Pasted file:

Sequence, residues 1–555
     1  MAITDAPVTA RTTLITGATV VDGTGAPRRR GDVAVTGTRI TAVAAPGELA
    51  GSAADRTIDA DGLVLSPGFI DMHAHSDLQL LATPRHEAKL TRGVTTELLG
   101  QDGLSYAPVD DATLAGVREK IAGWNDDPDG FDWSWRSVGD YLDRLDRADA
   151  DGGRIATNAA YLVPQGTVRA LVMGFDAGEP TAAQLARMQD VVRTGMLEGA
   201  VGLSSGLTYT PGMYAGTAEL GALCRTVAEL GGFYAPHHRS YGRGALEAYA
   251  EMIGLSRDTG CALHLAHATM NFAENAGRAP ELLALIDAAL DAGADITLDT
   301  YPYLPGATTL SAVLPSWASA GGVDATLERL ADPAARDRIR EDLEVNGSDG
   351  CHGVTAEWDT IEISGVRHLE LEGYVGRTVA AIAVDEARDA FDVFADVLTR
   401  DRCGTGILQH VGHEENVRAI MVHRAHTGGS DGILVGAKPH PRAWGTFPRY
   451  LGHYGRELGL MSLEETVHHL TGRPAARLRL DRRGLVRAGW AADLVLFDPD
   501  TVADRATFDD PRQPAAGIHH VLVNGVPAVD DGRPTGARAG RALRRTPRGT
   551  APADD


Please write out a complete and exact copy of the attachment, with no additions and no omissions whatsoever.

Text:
Sequence, residues 1–555
     1  MAITDAPVTA RTTLITGATV VDGTGAPRRR GDVAVTGTRI TAVAAPGELA
    51  GSAADRTIDA DGLVLSPGFI DMHAHSDLQL LATPRHEAKL TRGVTTELLG
   101  QDGLSYAPVD DATLAGVREK IAGWNDDPDG FDWSWRSVGD YLDRLDRADA
   151  DGGRIATNAA YLVPQGTVRA LVMGFDAGEP TAAQLARMQD VVRTGMLEGA
   201  VGLSSGLTYT PGMYAGTAEL GALCRTVAEL GGFYAPHHRS YGRGALEAYA
   251  EMIGLSRDTG CALHLAHATM NFAENAGRAP ELLALIDAAL DAGADITLDT
   301  YPYLPGATTL SAVLPSWASA GGVDATLERL ADPAARDRIR EDLEVNGSDG
   351  CHGVTAEWDT IEISGVRHLE LEGYVGRTVA AIAVDEARDA FDVFADVLTR
   401  DRCGTGILQH VGHEENVRAI MVHRAHTGGS DGILVGAKPH PRAWGTFPRY
   451  LGHYGRELGL MSLEETVHHL TGRPAARLRL DRRGLVRAGW AADLVLFDPD
   501  TVADRATFDD PRQPAAGIHH VLVNGVPAVD DGRPTGARAG RALRRTPRGT
   551  APADD